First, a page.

In all reciprocating-shuttle machines a certain loss of power is incurred in driving forward, stopping, and bringing back the shuttle at each stitch; also, the machines are rather noisy, owing to the striking of the driver against the shuttle at each stroke. These objections were removed by Wilson’s rotary hook and stationary bobbin. The locking of the needle thread with the bobbin thread was accomplished, not by driving a shuttle through the loop of the needle thread, but by passing that loop under the bobbin. The driving shaft carried the circular rotary hook, one of the sewing machine’s most beautiful contrivances. The success of the machine is indicated in an article that appeared in the June 1853 issue of Scientific American:
There are 300 of these machines now in operation in various parts of the country, and the work which they can perform cannot be surpassed.... The time must soon come when every private family that has much sewing to do, will have one of these neat and perfect machines; indeed many private families have them now.... The price of one all complete is $125; every machine is made under the eye of the inventor at the company’s machine shop, Watertown, Connecticut, so that every one is warranted ... agreement between Mr. Howe and Messrs. Wheeler, Wilson & Co., so every customer will be perfectly protected.... 
Fig. 27 — Wilson’s four-motion-feed patent model, 1854, is not known to be in existence; this is a commercial machine of the period. The plate is stamped “A. B. Wilson, Patented Aug. 12, 1851, Watertown, Conn., No. 1....”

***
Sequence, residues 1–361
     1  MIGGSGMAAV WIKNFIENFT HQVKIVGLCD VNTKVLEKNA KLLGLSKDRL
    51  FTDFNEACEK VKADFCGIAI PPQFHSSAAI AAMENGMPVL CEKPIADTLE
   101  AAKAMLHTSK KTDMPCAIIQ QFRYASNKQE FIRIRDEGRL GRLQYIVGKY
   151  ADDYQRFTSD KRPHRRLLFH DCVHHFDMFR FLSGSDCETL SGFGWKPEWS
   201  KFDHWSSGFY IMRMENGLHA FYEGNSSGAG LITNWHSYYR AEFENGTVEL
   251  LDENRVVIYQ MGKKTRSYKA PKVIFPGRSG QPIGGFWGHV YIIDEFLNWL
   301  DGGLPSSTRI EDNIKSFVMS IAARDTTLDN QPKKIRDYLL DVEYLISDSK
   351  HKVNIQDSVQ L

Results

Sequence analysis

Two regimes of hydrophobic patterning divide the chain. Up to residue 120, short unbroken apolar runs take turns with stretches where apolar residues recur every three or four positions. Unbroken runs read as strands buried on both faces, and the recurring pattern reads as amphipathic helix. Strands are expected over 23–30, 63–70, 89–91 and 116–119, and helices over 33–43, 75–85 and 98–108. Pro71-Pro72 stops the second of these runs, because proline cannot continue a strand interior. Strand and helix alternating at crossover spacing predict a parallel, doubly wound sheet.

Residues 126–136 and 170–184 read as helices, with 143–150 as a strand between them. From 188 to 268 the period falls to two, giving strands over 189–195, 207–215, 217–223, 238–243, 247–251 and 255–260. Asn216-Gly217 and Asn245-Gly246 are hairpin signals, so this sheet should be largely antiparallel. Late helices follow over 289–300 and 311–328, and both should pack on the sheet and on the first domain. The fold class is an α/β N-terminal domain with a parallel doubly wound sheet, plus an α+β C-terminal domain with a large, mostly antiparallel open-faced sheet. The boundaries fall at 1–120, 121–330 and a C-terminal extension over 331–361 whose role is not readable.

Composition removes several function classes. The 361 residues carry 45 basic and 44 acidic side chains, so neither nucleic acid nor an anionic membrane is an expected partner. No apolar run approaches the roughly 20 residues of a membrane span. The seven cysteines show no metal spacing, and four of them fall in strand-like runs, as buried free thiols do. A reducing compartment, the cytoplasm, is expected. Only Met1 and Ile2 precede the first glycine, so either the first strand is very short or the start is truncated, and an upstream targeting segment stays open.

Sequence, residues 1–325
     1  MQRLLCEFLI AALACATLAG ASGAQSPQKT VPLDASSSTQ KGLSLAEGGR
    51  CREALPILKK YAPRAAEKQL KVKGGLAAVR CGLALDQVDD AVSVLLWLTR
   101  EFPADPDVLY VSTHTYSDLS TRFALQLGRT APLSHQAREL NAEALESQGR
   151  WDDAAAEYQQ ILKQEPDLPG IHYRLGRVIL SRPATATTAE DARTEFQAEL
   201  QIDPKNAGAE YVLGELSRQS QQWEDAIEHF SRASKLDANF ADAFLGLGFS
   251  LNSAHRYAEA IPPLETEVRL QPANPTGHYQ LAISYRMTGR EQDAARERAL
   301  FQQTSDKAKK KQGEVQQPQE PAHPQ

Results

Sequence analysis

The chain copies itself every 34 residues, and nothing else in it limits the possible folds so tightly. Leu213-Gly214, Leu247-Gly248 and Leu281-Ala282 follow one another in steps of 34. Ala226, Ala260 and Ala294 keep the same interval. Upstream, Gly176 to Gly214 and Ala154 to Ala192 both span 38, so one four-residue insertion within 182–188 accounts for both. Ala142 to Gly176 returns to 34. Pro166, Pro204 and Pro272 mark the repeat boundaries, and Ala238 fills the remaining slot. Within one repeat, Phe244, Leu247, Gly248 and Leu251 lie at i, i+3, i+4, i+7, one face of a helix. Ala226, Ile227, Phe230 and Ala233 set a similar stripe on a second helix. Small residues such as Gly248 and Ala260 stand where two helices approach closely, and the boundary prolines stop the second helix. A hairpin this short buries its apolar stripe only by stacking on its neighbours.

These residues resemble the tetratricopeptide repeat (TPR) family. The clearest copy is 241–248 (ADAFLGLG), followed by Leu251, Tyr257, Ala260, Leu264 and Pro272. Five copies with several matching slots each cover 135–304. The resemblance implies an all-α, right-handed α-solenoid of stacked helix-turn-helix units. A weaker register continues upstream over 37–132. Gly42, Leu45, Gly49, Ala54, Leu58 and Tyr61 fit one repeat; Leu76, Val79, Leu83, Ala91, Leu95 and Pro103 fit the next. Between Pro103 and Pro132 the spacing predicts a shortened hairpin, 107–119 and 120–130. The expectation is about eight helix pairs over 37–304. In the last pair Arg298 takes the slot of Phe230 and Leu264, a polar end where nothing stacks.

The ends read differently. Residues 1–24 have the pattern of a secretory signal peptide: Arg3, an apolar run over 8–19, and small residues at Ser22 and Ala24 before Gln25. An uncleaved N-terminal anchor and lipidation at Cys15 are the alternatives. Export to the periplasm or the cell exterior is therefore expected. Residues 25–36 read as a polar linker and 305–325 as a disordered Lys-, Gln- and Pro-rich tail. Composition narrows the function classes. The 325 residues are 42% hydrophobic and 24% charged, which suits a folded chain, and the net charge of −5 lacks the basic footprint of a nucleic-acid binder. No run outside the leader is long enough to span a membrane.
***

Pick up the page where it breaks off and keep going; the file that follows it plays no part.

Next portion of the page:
This agreement was important to sales, as Elias Howe was known to have sued purchasers of machines, as well as rival inventors and companies.
The business was on a substantial basis by October 1853, and a stock company was formed under the name of Wheeler & Wilson Manufacturing Company.  A little more than a year later, on December 19, 1854, Wilson’s fourth important patent (U.S. patent 12,116), for the four-motion cloth feed, was issued to him (fig. 27). In this development, the flat-toothed surface in contact with the cloth moved forward carrying the cloth with it; then it dropped a little, so as not to touch the cloth; next it moved backward; then in the fourth motion it pushed up against the cloth and was ready to repeat the forward movements. This simple and effective feed method is still used today, with only minor modifications, in almost every sewing machine. This feed with the rotary hook and the stationary circular-disk bobbin, completed the essential features of Wilson’s machine. It was original and fundamentally different from all other machines of that time.